| Numéro de publication||US7184965 B2|
|Type de publication||Octroi|
| Numéro de demande||10/695,445|
| Date de publication||27 févr. 2007|
| Date de dépôt||29 oct. 2003|
| Date de priorité||29 oct. 2003|
|Autre référence de publication||CA2544162A1, EP1680759A2, EP1680759A4, US20050096947, WO2005045602A2, WO2005045602A3|
| Numéro de publication||10695445, 695445, US 7184965 B2, US 7184965B2, US-B2-7184965, US7184965 B2, US7184965B2|
| Inventeurs||Frederic Fox, Mike Kowa, Michael Willen, Paul Walsh, Doug Pearson, David Estornell|
| Cessionnaire d'origine||Planalytics, Inc.|
|Citations de brevets (118), Citations hors brevets (102), Référencé par (5), Classifications (7) |
|Liens externes: USPTO, Cession USPTO, Espacenet|
Systems and methods for recommending business decisions utilizing weather driven demand data and opportunity and confidence measures
US 7184965 B2
Systems and methods to generate business recommendations for specific business actions based on weather element forecasts and known relationships between a business activity and weather elements are provided. The system includes a confidence level filter, an opportunity matrix filter, a weather decision point generator, a business rule recommendation engine and a business rule knowledge database. Methods to generate a business recommendation for a business activity are also provided. The methods include receiving weather driven demand data, assigning opportunity measures to each of the data points, identifying weather decision points based on opportunity measures, and applying business weather rules to the weather decision points to generate business recommendations. In a further feature, a weather element relationship and/or a weather element forecast confidence level is assigned to each data point within the weather driven demand data. These confidence levels are then factored in to determine weather decision points.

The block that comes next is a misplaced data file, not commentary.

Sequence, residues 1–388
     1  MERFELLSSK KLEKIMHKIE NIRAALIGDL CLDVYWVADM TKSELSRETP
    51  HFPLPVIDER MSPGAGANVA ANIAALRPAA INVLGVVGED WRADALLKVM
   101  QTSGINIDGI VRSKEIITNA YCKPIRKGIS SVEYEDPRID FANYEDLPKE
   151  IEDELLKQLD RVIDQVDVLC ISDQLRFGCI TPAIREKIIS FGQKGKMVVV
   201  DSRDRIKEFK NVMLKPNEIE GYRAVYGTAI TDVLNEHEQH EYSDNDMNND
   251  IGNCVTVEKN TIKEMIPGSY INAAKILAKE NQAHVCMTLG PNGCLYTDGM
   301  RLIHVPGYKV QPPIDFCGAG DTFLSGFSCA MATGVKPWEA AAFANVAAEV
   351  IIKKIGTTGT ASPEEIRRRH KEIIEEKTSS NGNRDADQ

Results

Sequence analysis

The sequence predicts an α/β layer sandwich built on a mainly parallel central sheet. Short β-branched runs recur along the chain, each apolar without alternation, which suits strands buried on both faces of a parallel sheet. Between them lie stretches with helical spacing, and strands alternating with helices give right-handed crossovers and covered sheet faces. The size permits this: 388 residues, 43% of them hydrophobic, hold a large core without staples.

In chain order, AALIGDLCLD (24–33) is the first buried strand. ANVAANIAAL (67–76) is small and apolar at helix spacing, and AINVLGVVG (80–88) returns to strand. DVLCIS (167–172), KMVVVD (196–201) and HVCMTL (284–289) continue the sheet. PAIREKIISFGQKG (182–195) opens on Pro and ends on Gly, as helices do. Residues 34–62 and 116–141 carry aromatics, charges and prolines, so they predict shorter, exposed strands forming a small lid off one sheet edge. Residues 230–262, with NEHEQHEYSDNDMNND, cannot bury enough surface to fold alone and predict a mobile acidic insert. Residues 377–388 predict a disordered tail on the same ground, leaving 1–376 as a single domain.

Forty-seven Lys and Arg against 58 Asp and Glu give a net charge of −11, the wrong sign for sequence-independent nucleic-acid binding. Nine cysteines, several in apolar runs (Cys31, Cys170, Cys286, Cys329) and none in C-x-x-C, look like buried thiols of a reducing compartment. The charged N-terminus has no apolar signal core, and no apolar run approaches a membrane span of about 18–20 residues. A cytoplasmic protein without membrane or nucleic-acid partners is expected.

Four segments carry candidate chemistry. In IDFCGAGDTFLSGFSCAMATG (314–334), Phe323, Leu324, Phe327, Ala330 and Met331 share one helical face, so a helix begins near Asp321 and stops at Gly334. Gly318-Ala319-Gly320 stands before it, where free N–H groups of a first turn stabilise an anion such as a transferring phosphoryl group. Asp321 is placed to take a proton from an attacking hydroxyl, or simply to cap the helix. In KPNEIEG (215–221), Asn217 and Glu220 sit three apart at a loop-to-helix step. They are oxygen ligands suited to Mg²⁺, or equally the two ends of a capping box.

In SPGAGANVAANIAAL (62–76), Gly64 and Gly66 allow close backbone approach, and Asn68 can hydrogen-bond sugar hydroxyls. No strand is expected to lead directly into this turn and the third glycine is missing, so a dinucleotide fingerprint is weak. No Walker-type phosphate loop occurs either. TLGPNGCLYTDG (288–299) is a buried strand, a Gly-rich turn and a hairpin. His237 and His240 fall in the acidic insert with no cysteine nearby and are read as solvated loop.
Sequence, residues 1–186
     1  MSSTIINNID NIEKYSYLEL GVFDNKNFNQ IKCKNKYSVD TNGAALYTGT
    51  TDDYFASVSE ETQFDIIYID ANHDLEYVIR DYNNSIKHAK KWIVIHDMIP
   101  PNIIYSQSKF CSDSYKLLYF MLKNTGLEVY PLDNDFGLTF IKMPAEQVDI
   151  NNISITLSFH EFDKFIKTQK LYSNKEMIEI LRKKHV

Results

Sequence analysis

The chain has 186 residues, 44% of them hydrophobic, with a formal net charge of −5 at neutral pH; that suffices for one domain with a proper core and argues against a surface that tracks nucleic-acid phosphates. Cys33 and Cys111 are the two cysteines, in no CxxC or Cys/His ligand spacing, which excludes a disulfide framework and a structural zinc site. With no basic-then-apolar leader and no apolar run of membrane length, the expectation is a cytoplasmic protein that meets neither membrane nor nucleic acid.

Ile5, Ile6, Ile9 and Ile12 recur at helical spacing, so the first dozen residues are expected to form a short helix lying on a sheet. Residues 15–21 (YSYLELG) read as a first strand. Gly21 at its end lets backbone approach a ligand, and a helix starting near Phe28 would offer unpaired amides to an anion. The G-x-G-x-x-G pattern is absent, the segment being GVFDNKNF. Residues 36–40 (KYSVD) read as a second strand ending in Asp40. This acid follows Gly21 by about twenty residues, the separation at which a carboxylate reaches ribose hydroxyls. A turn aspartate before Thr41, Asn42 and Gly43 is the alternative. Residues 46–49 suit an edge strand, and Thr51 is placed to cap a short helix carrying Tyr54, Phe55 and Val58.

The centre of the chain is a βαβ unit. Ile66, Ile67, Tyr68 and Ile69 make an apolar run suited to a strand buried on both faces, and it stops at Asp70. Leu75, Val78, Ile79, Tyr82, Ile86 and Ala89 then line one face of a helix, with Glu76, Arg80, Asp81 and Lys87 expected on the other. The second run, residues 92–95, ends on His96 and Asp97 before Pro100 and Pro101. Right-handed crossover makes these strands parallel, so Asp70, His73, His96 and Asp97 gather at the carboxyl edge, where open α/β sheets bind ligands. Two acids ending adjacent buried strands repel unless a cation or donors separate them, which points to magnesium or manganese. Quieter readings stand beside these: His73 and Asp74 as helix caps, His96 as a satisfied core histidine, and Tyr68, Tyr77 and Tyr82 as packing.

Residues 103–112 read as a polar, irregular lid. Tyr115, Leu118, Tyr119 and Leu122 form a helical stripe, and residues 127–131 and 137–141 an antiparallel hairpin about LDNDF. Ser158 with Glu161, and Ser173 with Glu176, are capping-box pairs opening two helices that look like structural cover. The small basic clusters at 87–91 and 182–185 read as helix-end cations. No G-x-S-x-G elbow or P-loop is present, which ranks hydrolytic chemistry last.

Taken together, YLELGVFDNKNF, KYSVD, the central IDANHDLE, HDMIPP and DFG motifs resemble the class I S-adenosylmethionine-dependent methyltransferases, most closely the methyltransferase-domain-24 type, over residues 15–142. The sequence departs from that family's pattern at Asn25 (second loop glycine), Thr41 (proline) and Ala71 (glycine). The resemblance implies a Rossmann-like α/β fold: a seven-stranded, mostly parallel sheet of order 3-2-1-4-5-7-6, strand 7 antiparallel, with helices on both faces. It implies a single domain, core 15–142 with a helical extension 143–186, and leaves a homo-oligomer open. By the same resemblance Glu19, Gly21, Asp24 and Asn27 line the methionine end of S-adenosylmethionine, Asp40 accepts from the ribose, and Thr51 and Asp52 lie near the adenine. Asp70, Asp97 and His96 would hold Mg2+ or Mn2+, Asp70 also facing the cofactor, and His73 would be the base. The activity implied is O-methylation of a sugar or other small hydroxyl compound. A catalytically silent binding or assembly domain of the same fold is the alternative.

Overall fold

1. A weather-based decision system for providing business recommendations based on a set of weather driven demand data, comprising:
a confidence level filter configured to assign a first confidence level to data within the set of weather driven demand data based on a probability that a weather element forecast is accurate and a second confidence level to said data within the set of the weather driven demand data based on a strength of a correlation between a product or service being considered and one or more weather elements;
an opportunity matrix filter coupled to said confidence level filter and configured to assign an opportunity level to said data within the set of weather driven demand data based upon said first confidence level and said second confidence level;
a weather decision point generator coupled to said opportunity matrix filter and configured to identify a weather driven demand data point of said data within the set of the weather driven demand data as a weather decision point;
a business rule recommendation engine coupled to said weather decision point generator and configured to provide a business recommendation; and
a business rules knowledge database coupled to said business rule recommendation engine and configured to contain business rules;
wherein the weather driven demand data indicates how a business activity is influenced by said one or more weather elements.
2. The weather-based decision system of claim 1, further comprising a graphical user interface configured to display the weather driven demand data, said weather decision points, and said business recommendation.
3. The weather-based decision system of claim 1, further comprising an external database interface configured to access one or more external databases.